(Here’s another great find by one of the hardest working dudes I know, DJ Platurn . Check some newer work of his available at Turntable Lab. And if you’re in the Austin area, peep his outrageous schedule at this year’s SXSW. Stay tuned for future installments of our ‘Breaking The Ice’ series which, as far as I know, is the only venue for Icelandic gems such as this.– DM)
Wuddup beat nerds, back once again with another from the cold Icelandic crates of Sveimhugi and DJ Platurn. If you read the last installment then you’re somewhat familiar with this series– basically these tracks were songs myself and my cousin unearthed in the motherland years ago; joints off Icelandic LPs and 45s that lie on the groovy side of things. We put them all on an unreleased comp called ‘Breaking The Ice V.1’ that never saw the light of day, until now.
‘Syrpa II’ Leikur Vinsæl Islensk Lög [SG Hljómplötur, 1970]
So ‘Syrpa II’ translates to ‘Medley Two’, a track off of an LP that literally means ‘Plays Popular Icelandic Songs’ by recording artist, producer, arranger and groovy Hammond player Þórir Baldursson. This LP is composed entirely of medleys of relatively well known Icelandic songs, none that would sound familiar to anyone outside of the indigenous population and primarily the generations before the last two or so.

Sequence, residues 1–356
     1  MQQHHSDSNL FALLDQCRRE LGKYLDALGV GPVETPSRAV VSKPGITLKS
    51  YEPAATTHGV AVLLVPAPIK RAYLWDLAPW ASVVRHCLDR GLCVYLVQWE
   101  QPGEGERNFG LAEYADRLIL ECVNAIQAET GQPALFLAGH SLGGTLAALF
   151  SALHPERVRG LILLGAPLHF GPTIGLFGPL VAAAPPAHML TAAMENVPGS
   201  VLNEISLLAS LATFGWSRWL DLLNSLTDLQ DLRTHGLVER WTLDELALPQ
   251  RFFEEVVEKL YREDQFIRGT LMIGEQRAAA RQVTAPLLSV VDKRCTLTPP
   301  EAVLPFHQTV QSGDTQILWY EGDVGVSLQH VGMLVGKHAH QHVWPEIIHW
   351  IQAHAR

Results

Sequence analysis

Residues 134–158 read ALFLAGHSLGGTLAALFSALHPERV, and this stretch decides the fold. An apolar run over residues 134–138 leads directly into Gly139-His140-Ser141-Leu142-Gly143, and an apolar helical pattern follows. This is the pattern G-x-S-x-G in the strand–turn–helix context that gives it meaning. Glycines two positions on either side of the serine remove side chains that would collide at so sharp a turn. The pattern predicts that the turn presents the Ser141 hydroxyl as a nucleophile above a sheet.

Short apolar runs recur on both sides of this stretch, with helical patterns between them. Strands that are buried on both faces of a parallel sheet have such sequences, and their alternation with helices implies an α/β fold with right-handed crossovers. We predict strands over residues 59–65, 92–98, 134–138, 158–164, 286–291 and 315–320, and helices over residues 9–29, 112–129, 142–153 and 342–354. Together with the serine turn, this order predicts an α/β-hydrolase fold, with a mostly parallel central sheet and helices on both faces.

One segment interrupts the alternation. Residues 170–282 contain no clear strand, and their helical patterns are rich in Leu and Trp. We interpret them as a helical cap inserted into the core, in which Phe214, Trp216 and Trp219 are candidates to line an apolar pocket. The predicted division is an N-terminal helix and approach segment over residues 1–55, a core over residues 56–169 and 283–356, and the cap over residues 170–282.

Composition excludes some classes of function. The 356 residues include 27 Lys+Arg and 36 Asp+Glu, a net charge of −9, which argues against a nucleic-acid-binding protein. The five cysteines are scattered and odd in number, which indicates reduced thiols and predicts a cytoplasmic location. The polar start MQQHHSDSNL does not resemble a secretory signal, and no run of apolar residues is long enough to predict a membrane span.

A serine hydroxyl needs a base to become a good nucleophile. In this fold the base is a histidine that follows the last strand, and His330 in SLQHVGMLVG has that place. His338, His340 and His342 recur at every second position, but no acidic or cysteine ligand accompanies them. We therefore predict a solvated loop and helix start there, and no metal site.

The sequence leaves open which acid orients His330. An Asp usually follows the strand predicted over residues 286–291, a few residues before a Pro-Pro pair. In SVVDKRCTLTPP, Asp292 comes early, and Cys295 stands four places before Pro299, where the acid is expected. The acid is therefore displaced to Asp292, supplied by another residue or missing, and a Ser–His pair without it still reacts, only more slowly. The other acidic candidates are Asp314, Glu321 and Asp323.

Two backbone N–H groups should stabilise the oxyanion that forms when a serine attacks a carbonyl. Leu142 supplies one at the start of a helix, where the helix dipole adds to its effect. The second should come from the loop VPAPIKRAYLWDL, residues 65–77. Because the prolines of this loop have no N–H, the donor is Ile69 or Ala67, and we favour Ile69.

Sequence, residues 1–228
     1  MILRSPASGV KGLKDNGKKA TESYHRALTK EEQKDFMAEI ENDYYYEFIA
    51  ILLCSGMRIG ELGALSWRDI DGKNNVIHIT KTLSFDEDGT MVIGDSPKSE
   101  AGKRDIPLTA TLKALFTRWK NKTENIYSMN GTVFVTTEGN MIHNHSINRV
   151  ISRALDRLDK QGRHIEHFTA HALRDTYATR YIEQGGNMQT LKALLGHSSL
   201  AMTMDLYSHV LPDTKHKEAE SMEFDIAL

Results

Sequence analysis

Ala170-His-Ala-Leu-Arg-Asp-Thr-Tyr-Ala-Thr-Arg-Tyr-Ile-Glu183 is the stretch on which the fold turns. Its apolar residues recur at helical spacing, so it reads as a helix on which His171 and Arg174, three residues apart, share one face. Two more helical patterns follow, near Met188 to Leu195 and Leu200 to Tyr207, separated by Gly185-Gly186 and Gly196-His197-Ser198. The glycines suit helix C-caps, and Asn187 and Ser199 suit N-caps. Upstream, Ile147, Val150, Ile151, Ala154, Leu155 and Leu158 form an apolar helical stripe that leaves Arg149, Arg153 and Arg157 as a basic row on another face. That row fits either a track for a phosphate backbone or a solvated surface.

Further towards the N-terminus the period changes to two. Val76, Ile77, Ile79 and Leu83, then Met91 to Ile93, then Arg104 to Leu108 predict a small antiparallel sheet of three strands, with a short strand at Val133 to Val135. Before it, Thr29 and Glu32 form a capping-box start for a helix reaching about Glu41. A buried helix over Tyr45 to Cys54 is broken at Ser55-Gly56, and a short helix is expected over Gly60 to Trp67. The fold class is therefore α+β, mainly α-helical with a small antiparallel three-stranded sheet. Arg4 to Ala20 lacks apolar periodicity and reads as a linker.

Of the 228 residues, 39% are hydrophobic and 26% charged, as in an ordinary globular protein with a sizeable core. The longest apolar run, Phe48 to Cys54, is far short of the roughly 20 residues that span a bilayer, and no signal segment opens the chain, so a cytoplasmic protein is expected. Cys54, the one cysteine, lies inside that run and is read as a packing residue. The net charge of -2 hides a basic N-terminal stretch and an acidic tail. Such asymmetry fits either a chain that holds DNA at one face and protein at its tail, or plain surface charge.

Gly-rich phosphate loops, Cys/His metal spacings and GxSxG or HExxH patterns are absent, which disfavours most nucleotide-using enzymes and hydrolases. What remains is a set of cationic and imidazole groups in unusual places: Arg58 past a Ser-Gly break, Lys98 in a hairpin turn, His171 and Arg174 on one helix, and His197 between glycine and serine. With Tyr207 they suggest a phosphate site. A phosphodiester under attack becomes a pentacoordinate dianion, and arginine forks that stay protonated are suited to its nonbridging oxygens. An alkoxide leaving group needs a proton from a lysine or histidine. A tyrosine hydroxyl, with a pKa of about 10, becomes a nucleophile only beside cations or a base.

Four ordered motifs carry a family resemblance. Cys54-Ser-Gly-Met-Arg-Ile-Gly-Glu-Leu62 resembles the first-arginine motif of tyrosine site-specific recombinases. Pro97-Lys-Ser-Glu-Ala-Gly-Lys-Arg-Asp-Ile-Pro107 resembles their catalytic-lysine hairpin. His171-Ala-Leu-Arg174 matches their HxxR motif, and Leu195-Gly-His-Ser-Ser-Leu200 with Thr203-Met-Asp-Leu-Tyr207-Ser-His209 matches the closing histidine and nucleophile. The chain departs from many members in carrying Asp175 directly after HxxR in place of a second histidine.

The 3 songs in this medley are ‘Bláu Augun Þín’ (Your Blue Eyes), Hún Er Svo Sæt (She Is So Pretty) and Þú Og Ég (You And I). It was released on SG Records, the primary avenue for releases of Icelandic music during that time. This particular release is not necessarily rare but good luck finding it outside of the island. The release date was 1970.
So enough with the proprieties– that groove is kinda nasty! Takes me back to a bit of that UK library sound with the simplistic yet slick Hammond work, especially with the lush string and horn arrangements that pop in and out of the 3 songs. What’s kinda interesting is if you don’t know this music the track literally sounds like it just has hella changes in it that don’t necessarily make any sense, making the listen a truly fascinating and unique sounding experience. The drummer and bass player sit nicely in the pocket throughout all renditions along with all the other players flowing seamlessly throughout each transition.
I really love this track, probably for the simple fact that this is music that is somewhat familiar to me but is totally cooled out and has a great groove all throughout.
By the way, Þórir B. is still around, making and performing music and actually has a minimally tended to Facebook fan page and you can read more on his extensive discography on his Discogs page as well.
Finally, he is also credited as being a big influence on the disco sound in Iceland during the heyday, going so far as to working with Casablanca, Salsoul and other big NY disco labels of the time, among many others.
More to come; in the meantime keep it funky.